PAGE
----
We headed to the spring edition of the New York design fair last week and it seemed everywhere we looked there was a medley of chalky pinks. From textiles to furniture to accessories, the pastel hue was the colour du jour. Turns out it’s not just the rage in the city that never sleeps. Spring design shows in Paris, Stockholm and Copenhagen all kicked off 2015 with countless rosy introductions. At Maison & Objet, Belgian firm Flamant celebrated the fair’s 20th anniversary with an eye-catching ombre of pink balloons while Fritz Hansen has honoured the 60th anniversary of Arne Jacobsen’s Series 7 chair by issuing a limited edition pale pink seat atop gold-pated legs. You needn’t travel to see it though; design magazines from The World of Interiors to Elle Decoration and House & Garden grace newsstands with pink covers this month. I’ll refrain from drawing a Valentine’s Day parallel but let’s just say that the colour of love is in the air!
It got us to thinking about pink in the bathroom and we dug out a few examples that elevate the hue from little girl’s time warp to gender neutral sophistication. In Topanga Canyon, California, architect Barbara Bestor bucked expectations by using pink marble slabs to create a bespoke bathtub in a modern, industrial style dwelling (think exposed pipes and concrete floors). Designer Kelly Wearstler also went mad for pink marble in an Austin, Texas bathroom. She countered the femme colour by using geometric tiles and wrapping a sizeable vanity with rich brown parchment. Further afield in Sydney, Australia, architecture firm Pohio Adams mixed pastel cement tiles with a minimalist wooden vanity and basic utilitarian lighting.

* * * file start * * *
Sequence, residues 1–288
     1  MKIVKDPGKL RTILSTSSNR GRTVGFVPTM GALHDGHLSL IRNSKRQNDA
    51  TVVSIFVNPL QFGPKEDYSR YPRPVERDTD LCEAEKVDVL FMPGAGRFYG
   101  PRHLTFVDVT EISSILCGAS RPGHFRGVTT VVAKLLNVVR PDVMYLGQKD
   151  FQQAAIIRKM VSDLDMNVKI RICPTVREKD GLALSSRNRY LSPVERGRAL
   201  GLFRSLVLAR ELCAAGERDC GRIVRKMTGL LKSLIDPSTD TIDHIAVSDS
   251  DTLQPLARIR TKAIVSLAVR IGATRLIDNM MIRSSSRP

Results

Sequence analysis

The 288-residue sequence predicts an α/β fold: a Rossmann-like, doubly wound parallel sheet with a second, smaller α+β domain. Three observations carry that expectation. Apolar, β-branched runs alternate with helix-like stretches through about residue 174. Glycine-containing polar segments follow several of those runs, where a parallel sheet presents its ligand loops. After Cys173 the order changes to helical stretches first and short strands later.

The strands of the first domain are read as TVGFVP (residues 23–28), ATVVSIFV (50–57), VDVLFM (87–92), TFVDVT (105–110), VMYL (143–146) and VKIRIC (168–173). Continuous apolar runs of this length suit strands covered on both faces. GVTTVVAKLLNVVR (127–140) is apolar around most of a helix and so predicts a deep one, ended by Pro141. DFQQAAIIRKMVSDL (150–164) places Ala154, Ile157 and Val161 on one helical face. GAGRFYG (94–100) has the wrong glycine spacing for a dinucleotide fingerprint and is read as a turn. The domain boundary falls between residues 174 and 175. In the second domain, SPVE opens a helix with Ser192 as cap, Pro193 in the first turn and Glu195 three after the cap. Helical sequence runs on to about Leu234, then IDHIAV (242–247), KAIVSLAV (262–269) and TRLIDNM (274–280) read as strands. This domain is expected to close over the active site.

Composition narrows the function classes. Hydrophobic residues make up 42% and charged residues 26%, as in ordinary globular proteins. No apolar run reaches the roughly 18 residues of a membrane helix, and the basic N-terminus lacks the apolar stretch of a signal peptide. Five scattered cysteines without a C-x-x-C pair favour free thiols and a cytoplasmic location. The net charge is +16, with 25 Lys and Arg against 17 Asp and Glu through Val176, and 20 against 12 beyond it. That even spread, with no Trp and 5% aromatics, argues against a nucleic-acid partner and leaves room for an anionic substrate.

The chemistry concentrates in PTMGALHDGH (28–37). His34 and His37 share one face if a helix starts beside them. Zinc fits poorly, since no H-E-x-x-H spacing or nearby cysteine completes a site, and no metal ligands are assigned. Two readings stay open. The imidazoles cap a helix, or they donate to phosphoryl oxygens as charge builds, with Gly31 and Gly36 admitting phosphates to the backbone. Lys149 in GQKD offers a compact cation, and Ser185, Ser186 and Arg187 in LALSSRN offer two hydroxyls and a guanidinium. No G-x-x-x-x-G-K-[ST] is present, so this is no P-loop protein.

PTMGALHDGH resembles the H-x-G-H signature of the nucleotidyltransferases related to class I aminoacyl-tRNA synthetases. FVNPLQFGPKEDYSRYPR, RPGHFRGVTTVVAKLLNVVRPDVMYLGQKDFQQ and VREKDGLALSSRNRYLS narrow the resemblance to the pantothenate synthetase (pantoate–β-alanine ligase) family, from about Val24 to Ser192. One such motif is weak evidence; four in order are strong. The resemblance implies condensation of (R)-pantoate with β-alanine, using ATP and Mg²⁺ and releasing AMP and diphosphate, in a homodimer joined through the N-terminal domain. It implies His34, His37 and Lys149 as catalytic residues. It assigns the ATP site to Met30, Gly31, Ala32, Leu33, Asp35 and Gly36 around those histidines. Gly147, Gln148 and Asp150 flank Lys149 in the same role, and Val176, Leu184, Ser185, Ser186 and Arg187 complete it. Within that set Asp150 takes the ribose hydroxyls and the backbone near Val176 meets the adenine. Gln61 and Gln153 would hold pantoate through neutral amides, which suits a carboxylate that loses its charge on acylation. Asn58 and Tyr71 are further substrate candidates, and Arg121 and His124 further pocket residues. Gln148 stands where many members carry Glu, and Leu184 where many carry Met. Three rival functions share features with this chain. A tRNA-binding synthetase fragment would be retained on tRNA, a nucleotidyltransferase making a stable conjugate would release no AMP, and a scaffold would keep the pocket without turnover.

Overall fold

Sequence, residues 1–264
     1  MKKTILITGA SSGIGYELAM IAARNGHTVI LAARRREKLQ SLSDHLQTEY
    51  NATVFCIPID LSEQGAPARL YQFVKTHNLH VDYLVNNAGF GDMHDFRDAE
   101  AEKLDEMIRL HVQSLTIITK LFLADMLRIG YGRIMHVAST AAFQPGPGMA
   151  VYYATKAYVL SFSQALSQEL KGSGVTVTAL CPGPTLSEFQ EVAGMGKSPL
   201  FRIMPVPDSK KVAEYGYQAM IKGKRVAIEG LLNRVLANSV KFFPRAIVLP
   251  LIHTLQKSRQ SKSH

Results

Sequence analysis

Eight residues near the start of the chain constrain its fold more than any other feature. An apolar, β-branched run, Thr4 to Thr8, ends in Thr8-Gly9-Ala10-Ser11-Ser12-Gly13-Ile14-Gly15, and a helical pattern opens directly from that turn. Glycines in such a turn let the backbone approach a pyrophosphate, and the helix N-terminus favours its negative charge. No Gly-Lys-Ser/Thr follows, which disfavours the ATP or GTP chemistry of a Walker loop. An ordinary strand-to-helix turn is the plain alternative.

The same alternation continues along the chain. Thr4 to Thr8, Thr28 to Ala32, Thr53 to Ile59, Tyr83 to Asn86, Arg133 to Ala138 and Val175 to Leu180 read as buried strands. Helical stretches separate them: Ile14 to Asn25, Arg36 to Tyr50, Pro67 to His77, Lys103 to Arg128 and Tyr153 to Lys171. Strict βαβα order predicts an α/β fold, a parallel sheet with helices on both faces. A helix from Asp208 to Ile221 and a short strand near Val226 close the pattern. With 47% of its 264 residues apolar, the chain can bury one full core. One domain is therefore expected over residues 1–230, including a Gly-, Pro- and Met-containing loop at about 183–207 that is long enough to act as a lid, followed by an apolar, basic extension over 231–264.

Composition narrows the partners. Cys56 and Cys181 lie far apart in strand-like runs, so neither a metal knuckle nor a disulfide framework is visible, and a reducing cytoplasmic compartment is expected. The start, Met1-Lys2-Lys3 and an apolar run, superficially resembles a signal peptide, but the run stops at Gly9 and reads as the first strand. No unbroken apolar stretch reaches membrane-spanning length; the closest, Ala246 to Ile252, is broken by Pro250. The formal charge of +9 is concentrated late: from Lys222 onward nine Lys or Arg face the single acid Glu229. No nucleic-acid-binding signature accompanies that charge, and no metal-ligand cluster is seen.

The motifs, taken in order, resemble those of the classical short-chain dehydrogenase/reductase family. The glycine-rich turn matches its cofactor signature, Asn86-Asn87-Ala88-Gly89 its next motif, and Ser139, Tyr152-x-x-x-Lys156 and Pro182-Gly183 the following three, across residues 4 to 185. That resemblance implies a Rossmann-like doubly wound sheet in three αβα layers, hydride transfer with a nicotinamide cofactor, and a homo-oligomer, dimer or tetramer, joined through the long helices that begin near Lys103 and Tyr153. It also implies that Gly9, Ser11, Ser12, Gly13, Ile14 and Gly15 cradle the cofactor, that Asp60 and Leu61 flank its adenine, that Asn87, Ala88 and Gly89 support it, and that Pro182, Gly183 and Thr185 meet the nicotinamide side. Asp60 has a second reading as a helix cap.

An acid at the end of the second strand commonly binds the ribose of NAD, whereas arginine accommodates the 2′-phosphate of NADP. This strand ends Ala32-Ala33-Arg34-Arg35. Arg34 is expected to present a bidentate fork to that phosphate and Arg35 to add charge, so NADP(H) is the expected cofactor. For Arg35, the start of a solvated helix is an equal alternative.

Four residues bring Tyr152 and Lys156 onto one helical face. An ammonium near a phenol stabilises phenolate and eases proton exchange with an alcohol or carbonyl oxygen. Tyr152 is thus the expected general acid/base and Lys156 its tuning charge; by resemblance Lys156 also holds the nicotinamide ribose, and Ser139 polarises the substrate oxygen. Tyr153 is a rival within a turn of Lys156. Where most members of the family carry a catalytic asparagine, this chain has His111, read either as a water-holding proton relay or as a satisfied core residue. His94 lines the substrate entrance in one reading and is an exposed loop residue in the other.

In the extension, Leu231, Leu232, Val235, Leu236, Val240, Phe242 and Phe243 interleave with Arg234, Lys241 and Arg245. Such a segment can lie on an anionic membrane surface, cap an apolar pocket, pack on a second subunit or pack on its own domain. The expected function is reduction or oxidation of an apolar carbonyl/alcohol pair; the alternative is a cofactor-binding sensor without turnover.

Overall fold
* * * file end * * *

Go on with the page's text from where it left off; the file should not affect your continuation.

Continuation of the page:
It would come as no surprise to 18th century writer Xavier de Maistre that pink is so adaptable. In his 1794 novel, A Journey Around My Room, the author decreed that an interior palette of pink and white was sure to help one relax. We couldn’t agree more! When it came to selecting pigments for Balineum’s ceramic tile collection we were meticulous about getting the perfect shade of pink, aptly named Dusty Rose. If it’s marble that fits the bill, Rosa Aura from Mexico, Pteleos Pink from Greece and Russian Sayansky are all as pretty as any.
Photographs © Pohio Adams, Condé Nast, Bestor Architecture